So it was interesting to see how much more thought out each protocol becomes with time, even ones that sound so simple at their core.  I wrote a post on protocol once that I titled “The More Natural-Seeming the Dance, the More Thought-Out the Choreography”.  And I stand by that metaphor.  Strangely, the more elaborate our protocol is to explain, the smoother it looks (and feels to integrate) in practice.

“It’s interesting,” said a friend one afternoon, sitting in our living room at the time.  What we used as a living room then was an extension on the original house, and the kitchen had a wide doorway and an open window into the living room that used to be an actual window and exterior sliding door, leading to the rooms being highly connected.  Mistress was doing something in the kitchen.  I’d been in there with her and asked permission to go into the living room to sit down on the couch, which she’d granted, and I did.  Speaking from somewhat different rooms now, she said something poetic about me being free to wander around, at which point I said that I couldn’t really go that far, not beyond the living room or the kitchen.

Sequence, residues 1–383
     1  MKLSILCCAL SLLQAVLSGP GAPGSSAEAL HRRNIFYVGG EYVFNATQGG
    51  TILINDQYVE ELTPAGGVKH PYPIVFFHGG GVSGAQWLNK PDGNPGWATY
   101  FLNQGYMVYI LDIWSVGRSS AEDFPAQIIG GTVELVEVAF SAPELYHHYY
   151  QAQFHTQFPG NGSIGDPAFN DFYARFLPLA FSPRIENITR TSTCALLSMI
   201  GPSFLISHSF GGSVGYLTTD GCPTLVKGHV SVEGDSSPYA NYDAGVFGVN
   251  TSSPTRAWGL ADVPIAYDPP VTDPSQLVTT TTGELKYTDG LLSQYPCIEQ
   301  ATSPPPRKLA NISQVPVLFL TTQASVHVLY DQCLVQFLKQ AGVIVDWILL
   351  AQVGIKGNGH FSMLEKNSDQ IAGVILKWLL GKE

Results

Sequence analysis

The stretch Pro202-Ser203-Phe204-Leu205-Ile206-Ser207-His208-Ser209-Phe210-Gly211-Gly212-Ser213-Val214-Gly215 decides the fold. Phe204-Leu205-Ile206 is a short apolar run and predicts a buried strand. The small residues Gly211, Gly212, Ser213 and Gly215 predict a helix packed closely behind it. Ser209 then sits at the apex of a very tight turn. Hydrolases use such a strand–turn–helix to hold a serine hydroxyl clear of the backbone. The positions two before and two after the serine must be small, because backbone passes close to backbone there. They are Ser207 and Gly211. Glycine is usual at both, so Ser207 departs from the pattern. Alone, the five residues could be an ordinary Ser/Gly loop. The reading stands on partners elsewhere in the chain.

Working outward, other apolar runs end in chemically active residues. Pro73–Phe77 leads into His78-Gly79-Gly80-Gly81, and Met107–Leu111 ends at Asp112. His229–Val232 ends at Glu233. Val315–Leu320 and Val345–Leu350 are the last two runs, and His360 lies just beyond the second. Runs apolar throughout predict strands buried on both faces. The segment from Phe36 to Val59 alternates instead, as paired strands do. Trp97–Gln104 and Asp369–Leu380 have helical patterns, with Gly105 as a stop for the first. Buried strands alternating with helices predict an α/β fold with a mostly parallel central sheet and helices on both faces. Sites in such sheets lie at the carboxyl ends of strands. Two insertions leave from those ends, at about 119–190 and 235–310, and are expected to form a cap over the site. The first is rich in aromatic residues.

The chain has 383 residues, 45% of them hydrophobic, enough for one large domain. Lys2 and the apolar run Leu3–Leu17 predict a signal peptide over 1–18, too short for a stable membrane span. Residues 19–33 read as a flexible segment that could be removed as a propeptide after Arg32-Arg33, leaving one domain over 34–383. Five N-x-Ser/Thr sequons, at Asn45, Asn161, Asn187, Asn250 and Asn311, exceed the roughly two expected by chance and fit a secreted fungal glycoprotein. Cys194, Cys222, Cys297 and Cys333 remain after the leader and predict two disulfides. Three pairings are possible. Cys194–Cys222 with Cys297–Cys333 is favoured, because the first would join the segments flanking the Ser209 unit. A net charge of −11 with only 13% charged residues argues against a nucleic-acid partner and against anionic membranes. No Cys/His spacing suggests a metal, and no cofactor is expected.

“Well, I guess not,” she agreed.  The explanation being that because after I’d asked permission to leave her presence in the kitchen, she’d engaged with me while I was in the living room, tying me back to being in her presence and therefore having the need for permission to leave, but now including the living room in that.  If she had been absorbed in what she was doing in the kitchen, not talking to me, the rooms would’ve been separate enough I would’ve been able to wander the house and sit on the furniture in the living room without permission.  But as she was engaged with me again, I would need permission to leave even if this was where I had initially asked permission to leave to.  Additionally, if I stood up, I’d need permission to sit back down again, unless she left farther than the kitchen, or had been unengaged for some time.

“It’s interesting.”